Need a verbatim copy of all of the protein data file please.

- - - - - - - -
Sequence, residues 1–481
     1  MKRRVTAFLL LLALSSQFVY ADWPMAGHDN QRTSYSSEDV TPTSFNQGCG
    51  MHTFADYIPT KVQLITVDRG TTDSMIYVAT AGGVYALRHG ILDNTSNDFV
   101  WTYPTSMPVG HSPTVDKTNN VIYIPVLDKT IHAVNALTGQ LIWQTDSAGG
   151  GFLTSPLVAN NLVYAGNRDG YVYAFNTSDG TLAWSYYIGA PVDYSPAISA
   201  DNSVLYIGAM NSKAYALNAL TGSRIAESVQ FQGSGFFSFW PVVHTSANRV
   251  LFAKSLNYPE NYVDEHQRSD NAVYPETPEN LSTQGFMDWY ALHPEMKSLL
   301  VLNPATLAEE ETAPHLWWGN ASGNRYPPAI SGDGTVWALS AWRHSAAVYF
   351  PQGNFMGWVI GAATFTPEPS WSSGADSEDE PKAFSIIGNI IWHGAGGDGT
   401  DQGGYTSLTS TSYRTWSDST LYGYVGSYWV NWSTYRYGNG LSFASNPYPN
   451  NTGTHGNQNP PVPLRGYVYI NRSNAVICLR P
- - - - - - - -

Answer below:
Sequence, residues 1–481
     1  MKRRVTAFLL LLALSSQFVY ADWPMAGHDN QRTSYSSEDV TPTSFNQGCG
    51  MHTFADYIPT KVQLITVDRG TTDSMIYVAT AGGVYALRHG ILDNTSNDFV
   101  WTYPTSMPVG HSPTVDKTNN VIYIPVLDKT IHAVNALTGQ LIWQTDSAGG
   151  GFLTSPLVAN NLVYAGNRDG YVYAFNTSDG TLAWSYYIGA PVDYSPAISA
   201  DNSVLYIGAM NSKAYALNAL TGSRIAESVQ FQGSGFFSFW PVVHTSANRV
   251  LFAKSLNYPE NYVDEHQRSD NAVYPETPEN LSTQGFMDWY ALHPEMKSLL
   301  VLNPATLAEE ETAPHLWWGN ASGNRYPPAI SGDGTVWALS AWRHSAAVYF
   351  PQGNFMGWVI GAATFTPEPS WSSGADSEDE PKAFSIIGNI IWHGAGGDGT
   401  DQGGYTSLTS TSYRTWSDST LYGYVGSYWV NWSTYRYGNG LSFASNPYPN
   451  NTGTHGNQNP PVPLRGYVYI NRSNAVICLR P